Poacher turned game-keeper

Is it just me or are more journalists than ever taking the age-old route of moving from journalism and into the realms of media and public relations?

In recent months there appears to have been more headlines in the PR industry news about senior media execs and middle-ranking journalists either being head-hunted or just simply moving into the industry than I have seen for some time. I know it’s not new. I’m a journalist-turned-PR. I took the usual route of spending a decade in journalism and deciding that I wanted, or rather needed, a new challenge and the world or PR and marketing beckoned. But I’m beginning to wonder if the reasons for such career changes are for different reasons now.

Much of the media, particularly print, failed to see the radical changes that online and social media was going to force on them over the past five years. Many were, and still remain, stuck in no-mans land where they feel compelled to stick to the printed medium at the expense of their online presence. Others have grasped the new mediums and adjusted their content to complement the different channels and audiences – some to greater success than others. There’s no doubt that the industry will face further changes over the next five years which nobody can predict.

At the back of all this is the journalist. When I entered journalism at 16 it was all about print. The web wasn’t something widely available in 1989. Today, the new generation of wanna-be journalists have been brought up on technology such as mobile phones, the internet, social media and e-mail. Their news judgement is based on the now and not a deadline for 8pm next Thursday when the weekly paper goes to print. However, even they have been caught-out by the changes affecting the industry. Cut-backs, the need to be adaptable and accept that you have to be able to write articles, produce an online video bulletin and even take photos is common-place. Something that the unions would have been up in arms over just 10 years ago.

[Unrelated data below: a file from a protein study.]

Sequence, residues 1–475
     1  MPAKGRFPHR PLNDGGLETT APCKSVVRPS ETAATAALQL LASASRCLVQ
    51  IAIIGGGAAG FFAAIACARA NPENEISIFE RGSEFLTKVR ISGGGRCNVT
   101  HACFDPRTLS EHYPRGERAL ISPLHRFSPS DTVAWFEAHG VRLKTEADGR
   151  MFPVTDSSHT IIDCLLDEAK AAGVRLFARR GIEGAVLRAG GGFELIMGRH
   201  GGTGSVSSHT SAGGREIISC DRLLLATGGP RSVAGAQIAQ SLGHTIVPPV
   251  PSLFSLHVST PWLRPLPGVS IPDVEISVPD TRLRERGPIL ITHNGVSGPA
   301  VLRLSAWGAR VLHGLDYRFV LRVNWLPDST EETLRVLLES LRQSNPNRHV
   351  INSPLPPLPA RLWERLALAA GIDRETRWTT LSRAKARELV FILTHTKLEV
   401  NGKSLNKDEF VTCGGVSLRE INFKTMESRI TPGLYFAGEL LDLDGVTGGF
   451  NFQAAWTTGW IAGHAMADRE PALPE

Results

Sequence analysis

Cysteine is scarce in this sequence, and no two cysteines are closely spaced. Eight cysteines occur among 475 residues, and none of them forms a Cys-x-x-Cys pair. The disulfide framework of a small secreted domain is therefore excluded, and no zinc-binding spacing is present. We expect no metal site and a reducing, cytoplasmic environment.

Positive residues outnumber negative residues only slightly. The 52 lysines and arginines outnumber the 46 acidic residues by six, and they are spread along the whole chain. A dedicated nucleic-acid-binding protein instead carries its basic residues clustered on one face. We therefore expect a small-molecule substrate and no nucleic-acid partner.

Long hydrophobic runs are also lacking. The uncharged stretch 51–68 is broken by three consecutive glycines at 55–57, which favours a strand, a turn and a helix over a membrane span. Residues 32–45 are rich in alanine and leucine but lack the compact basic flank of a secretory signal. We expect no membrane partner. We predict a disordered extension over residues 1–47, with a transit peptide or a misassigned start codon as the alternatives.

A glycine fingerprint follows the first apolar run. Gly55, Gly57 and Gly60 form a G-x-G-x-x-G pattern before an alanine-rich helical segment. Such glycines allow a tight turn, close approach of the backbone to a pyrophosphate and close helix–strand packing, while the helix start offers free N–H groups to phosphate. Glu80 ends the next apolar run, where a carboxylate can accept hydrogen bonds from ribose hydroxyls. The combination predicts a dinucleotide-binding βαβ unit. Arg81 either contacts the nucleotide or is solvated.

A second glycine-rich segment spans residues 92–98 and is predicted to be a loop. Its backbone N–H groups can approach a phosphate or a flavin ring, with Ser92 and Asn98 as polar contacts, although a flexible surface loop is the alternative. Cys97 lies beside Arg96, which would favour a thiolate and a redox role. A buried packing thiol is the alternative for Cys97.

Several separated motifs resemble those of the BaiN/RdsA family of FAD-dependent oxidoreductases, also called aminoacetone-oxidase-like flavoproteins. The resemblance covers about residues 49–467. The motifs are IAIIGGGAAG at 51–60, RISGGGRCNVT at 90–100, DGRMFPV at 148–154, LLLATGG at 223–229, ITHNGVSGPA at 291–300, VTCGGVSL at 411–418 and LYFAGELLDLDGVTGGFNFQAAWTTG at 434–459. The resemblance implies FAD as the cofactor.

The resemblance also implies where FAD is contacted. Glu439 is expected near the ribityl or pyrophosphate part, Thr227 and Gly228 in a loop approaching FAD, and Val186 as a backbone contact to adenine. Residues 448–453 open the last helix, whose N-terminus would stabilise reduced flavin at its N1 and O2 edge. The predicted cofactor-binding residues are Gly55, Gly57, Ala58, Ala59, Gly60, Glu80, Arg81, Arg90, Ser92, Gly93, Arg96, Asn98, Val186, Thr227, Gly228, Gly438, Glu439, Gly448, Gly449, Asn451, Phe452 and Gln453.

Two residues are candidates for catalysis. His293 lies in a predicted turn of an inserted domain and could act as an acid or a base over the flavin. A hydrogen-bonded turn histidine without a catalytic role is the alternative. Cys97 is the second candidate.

As a result, many want to be at the other end of the spectrum, producing and selling news to journalists through media relations (and the wider PR tools). But is this their choice or is it down to the potential career issues affecting the media industry. Where will journalism be in 10 years. We’ll always need news and that content will need to come from somewhere. “Citizen journalists” are cited as being the new media suppliers. I don’t agree. They are simply a source, just as the village correspondent was/is to a weekly newspaper. They are an important part of the process though. But you’ll still need good writers who understand law and the do’s and don’ts and can provide a balanced and objective piece of editorial.

More to the point, who will the media relations and PR people “sell” their wares to if there aren’t any journalists? It won’t just be bloggers and social media “influencers.” We still need people to cast a critical eye over our stories, products and services. Yes, I did just say that. Any media release is there to be questioned. You have to accept that. But as a reader and consumer, I still hope someone will be there to question and investigate. Don’t you?

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